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UK: St Patrick’s College loses licence to recruit

St Patrick’s College, a private higher education institution in the UK, has lost its licence to recruit international students after an investigation has been launched by BIS and the Quality Assurance Agency.

Screenshot from website

APs with non-degree awarding powers now obliged to seek designation every year, while directors at APs may be subjected to 'fit and proper' tests by a rapid response fraud team

This news comes after a report published by the Public Accounts Committee found that £3.84m of public money was given to ineligible EU students through student loans.

Amid growing concern about the amount of public money being channelled into loan funding, it has emerged that students enrolled just at St Patrick’s College accessed £96m in loan and maintenance grant funding in 2013.

The college had its Tier 2 and Tier 4 sponsor licence suspended on February 19, a Home Office official confirmed to the THE.

While the reason behind the investigation into St Patrick’s College has not been disclosed, there has been a huge increase in the amount of students enrolling at the college over the last few years.

In 2011, 50 students enrolled were claiming student loans funded by the British taxpayer. However in 2013, the number shot up to almost 7,000.

Speaking on Radio 4’s Face The Facts programme this week, Kavin Kanasagabai, who was a business lecturer at the college between 2012 and 2013, described how he believes the focus of recruitment was centred around financial gain.

“I had a student in my class who told me that he used to go round and talk to individuals on the street, at bus stops, train stations, job centres, going around asking anyone, randomly approaching people asking: “Do you want money?” Yes? Ok. They get enrolled, they’re in the class.”

He added to host John Waite, “I think that’s quite powerful when there are people without jobs. You’re just converting a need to your own advantage.”

“What I don’t accept is that the broadening of access to funding for students, so they get funding if they go to a broader range of colleges is somehow a scandal”

Furthermore, external examination body Pearson Edexcel told Face The Facts that it has sampled student work eight times in the past 12 months, and said they were all of an ‘unacceptable standard’.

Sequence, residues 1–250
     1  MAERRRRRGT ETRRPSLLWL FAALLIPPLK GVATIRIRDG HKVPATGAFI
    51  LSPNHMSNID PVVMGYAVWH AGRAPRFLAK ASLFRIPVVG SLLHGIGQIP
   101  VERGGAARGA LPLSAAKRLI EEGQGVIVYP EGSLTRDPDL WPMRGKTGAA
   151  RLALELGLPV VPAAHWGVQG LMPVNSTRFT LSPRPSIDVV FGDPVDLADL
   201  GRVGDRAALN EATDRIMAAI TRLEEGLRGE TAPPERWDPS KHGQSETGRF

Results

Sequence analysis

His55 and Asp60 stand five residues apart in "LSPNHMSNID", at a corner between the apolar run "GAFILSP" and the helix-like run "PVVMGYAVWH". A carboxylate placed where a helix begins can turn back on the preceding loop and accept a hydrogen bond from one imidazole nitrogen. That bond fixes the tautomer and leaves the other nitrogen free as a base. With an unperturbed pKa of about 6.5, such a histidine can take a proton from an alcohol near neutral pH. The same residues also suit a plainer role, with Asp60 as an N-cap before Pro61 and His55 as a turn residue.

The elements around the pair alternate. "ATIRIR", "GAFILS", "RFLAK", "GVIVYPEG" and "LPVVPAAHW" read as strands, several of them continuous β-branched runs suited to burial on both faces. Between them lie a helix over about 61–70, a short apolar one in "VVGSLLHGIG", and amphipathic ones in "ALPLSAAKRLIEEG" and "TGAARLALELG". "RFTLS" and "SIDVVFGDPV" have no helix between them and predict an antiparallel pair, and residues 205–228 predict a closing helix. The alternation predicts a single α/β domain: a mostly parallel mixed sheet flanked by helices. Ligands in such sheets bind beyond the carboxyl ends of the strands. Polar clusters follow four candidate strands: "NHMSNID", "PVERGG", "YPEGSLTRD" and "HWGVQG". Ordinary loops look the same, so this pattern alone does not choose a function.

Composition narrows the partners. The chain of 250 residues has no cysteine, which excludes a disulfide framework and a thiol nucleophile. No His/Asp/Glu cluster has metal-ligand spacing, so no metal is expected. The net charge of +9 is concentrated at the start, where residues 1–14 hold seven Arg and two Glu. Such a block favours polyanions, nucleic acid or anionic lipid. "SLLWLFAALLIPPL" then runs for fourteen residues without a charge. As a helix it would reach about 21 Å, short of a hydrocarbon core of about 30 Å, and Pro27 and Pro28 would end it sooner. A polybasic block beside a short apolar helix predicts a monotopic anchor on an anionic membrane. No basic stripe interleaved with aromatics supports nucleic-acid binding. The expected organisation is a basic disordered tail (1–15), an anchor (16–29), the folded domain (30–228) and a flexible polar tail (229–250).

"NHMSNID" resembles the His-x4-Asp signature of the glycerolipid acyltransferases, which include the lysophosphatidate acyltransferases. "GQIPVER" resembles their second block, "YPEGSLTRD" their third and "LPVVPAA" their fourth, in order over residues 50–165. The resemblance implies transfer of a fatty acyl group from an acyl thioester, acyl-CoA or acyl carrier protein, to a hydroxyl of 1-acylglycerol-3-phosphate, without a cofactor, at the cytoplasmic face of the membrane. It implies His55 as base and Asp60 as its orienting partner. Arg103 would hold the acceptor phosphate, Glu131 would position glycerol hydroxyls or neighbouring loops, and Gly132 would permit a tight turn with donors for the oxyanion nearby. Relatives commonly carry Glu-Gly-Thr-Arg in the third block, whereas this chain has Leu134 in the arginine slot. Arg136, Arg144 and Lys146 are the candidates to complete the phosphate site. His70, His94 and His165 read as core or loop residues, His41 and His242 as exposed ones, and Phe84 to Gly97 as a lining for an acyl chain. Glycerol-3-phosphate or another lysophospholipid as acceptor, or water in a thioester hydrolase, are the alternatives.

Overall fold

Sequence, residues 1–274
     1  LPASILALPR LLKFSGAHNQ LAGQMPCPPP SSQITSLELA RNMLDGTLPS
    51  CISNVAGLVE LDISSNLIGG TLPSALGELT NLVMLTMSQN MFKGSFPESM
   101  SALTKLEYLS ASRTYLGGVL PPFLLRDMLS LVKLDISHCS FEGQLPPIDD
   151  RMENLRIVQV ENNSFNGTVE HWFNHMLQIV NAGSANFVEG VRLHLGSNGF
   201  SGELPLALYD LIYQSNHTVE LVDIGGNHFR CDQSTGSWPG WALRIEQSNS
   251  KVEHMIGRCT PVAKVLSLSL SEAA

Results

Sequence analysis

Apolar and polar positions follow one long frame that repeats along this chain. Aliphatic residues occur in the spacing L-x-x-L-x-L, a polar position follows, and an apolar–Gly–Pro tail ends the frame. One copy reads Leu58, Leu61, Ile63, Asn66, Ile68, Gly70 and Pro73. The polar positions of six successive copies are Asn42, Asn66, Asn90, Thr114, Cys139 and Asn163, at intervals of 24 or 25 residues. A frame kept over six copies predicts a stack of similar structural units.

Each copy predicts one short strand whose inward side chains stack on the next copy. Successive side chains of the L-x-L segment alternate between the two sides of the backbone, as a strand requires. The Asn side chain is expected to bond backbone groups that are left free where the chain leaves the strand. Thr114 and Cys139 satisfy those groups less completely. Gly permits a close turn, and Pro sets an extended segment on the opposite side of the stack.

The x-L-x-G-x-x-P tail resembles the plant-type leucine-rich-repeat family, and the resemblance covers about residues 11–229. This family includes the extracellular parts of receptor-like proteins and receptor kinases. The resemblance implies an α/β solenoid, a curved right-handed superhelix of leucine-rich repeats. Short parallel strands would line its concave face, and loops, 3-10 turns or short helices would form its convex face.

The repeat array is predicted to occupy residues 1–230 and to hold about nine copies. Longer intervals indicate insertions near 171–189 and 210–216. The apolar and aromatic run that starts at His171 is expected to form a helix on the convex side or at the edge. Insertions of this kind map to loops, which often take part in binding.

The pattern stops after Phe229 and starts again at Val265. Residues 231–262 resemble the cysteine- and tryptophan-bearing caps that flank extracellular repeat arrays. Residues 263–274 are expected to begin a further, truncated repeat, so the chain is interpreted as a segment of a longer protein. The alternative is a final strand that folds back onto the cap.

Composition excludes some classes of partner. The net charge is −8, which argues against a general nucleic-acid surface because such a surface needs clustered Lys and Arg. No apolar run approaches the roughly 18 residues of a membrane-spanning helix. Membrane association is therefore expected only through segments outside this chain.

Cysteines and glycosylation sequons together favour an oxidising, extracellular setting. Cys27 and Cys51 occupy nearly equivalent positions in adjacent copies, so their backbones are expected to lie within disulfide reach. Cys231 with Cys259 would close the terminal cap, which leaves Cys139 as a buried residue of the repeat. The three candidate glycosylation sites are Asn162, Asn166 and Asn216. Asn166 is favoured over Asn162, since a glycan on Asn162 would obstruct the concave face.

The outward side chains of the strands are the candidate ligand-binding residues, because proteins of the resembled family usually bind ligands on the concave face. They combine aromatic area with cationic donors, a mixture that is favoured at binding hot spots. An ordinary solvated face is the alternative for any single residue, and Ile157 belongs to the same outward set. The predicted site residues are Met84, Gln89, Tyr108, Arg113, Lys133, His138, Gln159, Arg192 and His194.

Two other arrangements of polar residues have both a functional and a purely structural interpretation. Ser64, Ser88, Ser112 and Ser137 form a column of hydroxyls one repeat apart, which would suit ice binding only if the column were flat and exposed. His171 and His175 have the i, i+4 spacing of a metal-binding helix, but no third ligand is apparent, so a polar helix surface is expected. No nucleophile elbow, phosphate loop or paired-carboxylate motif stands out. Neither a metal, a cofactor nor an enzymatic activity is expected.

The latest licence suspension at an Alternative Provider (AP) follows new rules for APs revealed at the end of January, with institutions with non-degree awarding powers now obliged to seek designation every year, while directors at APs may be subjected to ‘fit and proper’ tests by a rapid response fraud team.

However, David Willetts MP, who served as the Minister for Universities and Science between 2010 and 2014, defended the decision to open up loan and maintenance grant funding to the private sector, which happened on his watch.

“I simply don’t agree with this language of scandal,” he said. “What I do accept is that as we changed the system, there were some individual examples of abuse which we cracked down on.

“What I don’t accept is that the broadening of access to funding for students, so they get funding if they go to a broader range of colleges is somehow a scandal. I think it is exactly the opposite.”

Waite challenged Willetts, saying that £1 billion in public funding had been paid to student applicants “without anyone really knowing what sort of education qualification they are getting”.

St Patrick’s College is part of the Global University Systems network which also owns LSBF and other brands.

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